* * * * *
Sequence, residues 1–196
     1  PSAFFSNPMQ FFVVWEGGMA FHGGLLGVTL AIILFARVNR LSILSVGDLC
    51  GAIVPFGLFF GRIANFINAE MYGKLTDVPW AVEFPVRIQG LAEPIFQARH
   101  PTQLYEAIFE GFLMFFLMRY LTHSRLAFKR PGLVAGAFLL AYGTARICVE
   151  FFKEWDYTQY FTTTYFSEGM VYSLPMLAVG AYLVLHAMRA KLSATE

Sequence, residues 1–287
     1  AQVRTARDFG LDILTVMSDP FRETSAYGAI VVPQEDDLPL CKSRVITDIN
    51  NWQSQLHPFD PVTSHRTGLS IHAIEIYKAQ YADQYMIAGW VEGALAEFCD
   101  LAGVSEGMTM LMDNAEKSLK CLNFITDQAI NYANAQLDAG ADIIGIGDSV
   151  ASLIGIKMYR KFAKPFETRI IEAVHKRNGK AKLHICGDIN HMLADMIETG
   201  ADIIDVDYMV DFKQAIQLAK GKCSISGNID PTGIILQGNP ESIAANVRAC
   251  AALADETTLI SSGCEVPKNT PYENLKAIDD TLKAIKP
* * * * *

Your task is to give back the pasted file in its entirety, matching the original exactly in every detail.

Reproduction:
Sequence, residues 1–196
     1  PSAFFSNPMQ FFVVWEGGMA FHGGLLGVTL AIILFARVNR LSILSVGDLC
    51  GAIVPFGLFF GRIANFINAE MYGKLTDVPW AVEFPVRIQG LAEPIFQARH
   101  PTQLYEAIFE GFLMFFLMRY LTHSRLAFKR PGLVAGAFLL AYGTARICVE
   151  FFKEWDYTQY FTTTYFSEGM VYSLPMLAVG AYLVLHAMRA KLSATE

Sequence, residues 1–287
     1  AQVRTARDFG LDILTVMSDP FRETSAYGAI VVPQEDDLPL CKSRVITDIN
    51  NWQSQLHPFD PVTSHRTGLS IHAIEIYKAQ YADQYMIAGW VEGALAEFCD
   101  LAGVSEGMTM LMDNAEKSLK CLNFITDQAI NYANAQLDAG ADIIGIGDSV
   151  ASLIGIKMYR KFAKPFETRI IEAVHKRNGK AKLHICGDIN HMLADMIETG
   201  ADIIDVDYMV DFKQAIQLAK GKCSISGNID PTGIILQGNP ESIAANVRAC
   251  AALADETTLI SSGCEVPKNT PYENLKAIDD TLKAIKP